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An Altruist’s Icon - Remembering Duane Chapman’s life of empathy and service

Updated: Apr 5, 2019



Regardless of how often you volunteer, or how much you give back to your community, most of us can admit that we could always do more. Such was not the case for Richmond’s Duane Chapman. A nurse, an advocate for the homeless, an alcohol and drug counselor, a social worker, a board member, a volunteer—Duane dedicated his life to helping others, and remained consistent in those efforts for decades until his very last day on October 30, 2018.


“Even up until the point of him passing he was still working on things,” said Duane’s nephew Charles Rembert. “He was just born with the gift of wanting to help. He didn’t even have to know you, the man would bring you home, buy you something to eat, if you ain’t got no clothes he’d have something for you to wear; he’d probably only let you stay for one night because he liked his privacy, but he’d still let you stay.”


At the time of his passing, Duane was chair of the Contra Costa County Mental Health Commission. Professionally, he helped his community as a nurse for 30 years. Outside of work and family, his influence was felt all over the county. He co-founded Richmond Rainbow Pride (Richmond’s first LGBT organization), at one point he was in charge of every single homeless shelter in the county, he logged 20 years of volunteer efforts with the Richmond Police Department (RPD), helped fundraise for Richmond PAL … the list is immeasurable.


Duane also helped organize Juneteenth and many other city festivals. “He wanted to make sure there were opportunities for the community to come out and get resources and information; and have a good time!” said RPD’s Crime Prevention Manager Michelle Milam.


“He worked on our Foster Care Youth Conference, doing everything from helping us raise money, to getting special speakers to participate, to even helping make sure there were enough barbers to cut the boys’ hair,” she continued. “He gained favor with people of influence so he could help the people who did not have the access he had.”


Michelle shared an example of when Duane went above and beyond. “One day a package showed up full of $20,000 in electronics for foster care youth because he charmed a secretary into getting her boss to believe he should help foster care kids,” she said. Be it reaching out to Chipotle, or President Obama, Duane utilized every resource he could possibly think of in working toward the greater good. But it wasn’t just the community he watched out for, it was his family as well.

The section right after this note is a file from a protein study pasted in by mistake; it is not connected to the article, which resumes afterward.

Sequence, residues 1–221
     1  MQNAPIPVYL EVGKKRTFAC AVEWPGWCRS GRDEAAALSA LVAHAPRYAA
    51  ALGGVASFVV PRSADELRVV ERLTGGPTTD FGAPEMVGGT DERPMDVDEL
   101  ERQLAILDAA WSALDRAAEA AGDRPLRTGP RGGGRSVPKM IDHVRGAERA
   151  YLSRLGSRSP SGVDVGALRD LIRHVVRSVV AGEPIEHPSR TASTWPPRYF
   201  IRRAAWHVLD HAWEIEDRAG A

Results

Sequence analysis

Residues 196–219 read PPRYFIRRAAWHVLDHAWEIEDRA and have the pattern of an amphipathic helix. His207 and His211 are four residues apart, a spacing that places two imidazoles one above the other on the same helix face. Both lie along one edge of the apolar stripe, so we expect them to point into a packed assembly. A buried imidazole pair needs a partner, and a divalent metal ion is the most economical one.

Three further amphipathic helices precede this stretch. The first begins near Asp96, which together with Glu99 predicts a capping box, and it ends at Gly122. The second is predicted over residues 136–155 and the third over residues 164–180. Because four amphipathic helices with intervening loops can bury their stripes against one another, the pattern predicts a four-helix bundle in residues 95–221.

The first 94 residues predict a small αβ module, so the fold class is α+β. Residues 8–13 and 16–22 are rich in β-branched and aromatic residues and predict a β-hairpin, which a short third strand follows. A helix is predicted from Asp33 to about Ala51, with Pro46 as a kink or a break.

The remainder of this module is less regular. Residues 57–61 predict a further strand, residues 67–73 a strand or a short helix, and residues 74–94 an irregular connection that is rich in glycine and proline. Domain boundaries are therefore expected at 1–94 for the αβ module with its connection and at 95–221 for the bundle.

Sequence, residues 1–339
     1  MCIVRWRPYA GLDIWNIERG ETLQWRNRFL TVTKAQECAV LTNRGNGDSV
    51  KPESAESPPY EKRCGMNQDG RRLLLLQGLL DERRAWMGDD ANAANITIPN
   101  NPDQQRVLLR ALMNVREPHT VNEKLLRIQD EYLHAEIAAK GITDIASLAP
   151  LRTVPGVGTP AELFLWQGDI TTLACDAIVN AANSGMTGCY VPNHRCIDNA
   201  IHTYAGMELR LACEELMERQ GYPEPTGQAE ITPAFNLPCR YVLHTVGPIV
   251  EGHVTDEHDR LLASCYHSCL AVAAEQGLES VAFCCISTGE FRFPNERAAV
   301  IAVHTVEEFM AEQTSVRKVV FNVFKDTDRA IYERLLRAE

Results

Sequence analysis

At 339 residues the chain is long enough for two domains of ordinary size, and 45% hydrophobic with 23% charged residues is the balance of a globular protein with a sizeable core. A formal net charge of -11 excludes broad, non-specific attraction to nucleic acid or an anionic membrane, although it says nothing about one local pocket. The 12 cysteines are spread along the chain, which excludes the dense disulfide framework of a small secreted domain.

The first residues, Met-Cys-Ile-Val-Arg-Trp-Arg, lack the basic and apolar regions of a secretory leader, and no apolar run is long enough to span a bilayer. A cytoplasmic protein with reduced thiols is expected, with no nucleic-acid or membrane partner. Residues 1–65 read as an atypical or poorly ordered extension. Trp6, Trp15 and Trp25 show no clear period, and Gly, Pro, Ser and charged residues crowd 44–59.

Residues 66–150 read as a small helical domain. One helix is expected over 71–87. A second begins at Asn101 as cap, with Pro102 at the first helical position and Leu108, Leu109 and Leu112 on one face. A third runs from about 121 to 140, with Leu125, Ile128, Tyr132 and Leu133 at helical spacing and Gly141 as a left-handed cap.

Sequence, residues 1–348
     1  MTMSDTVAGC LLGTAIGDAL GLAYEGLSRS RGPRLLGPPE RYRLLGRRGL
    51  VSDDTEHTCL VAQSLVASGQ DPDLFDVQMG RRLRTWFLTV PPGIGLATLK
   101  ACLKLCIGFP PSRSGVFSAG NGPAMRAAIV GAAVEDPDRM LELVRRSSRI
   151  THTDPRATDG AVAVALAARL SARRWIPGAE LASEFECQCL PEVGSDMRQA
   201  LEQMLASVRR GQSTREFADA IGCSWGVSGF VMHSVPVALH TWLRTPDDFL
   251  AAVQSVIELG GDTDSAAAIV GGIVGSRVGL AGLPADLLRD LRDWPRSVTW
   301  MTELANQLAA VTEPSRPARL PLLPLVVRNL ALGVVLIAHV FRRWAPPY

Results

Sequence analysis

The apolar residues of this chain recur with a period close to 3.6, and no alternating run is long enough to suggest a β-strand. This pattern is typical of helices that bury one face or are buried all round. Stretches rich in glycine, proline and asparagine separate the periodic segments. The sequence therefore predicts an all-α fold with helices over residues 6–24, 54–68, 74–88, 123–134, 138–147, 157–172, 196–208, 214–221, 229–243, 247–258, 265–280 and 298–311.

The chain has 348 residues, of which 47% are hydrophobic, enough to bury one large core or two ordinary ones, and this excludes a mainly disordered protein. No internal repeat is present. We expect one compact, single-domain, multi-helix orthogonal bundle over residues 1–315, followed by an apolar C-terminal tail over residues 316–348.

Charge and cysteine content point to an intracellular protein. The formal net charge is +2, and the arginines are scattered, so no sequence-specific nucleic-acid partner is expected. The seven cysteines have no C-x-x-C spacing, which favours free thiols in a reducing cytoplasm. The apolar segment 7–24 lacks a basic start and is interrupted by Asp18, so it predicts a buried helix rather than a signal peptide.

“He got me around two months old,” Charles said. “In recent years I’ve started to call him my uncle-father,” he laughed. Duane raised Charles like a son, as well as Charles’ brother Richard from age 7, his sister Keithia from age 9. “He was like a powerhouse,” Charles said. “The ability to have done and accomplish everything he’s done, being a single, black, gay male, and raising three kids alone?” Powerhouse, indeed.


“We definitely really miss him,” Michelle said. “Even while he was being treated for cancer he was still coming in and volunteering, wanting to help people.” She tells us that there are so many people who knew Duane from his work as a homeless resource specialist, and his work as a drug and alcohol counselor, that would unequivocally say: Duane saved my life.

“He touched a lot of hearts,” Charles added. “And it wasn’t because he wanted to be rich, or wanted to be nationally known for what he did. He was a genuine, caring person.”


According to Michelle, Duane had always wanted to see the county have a mental health response team. “He would always say: police officers aren’t social workers and we’re asking them to be.” But resources were limited, so he decided to ride along with some officers to both understand their approach, and offer some insight. “Now, we have a clinician that rides with an officer to go out and respond to mental health calls, and that was something Duane advocated for.”


As we mourn Duane’s loss, it’s time to step up and help fill his shoes so his legacy of service lives on. Charles suggests getting involved with Richmond PAL at (510) 621-1221, or reach out to Michelle at (510) 620-6546 to discuss some volunteering possibilities. At the very least, heed some of Duane’s advice, via Charles:


“The most important thing is life, and how good of a person you are while you’re here. Stand up, and use your voice to change something you don’t like, or make it better. Duane always instilled in me: it’s not what you say, but how you say it. Your voice is the strongest tool; it can cause people to do some of the meanest things, and it can cause people to do some of the greatest things. Don’t be afraid to use your voice.”

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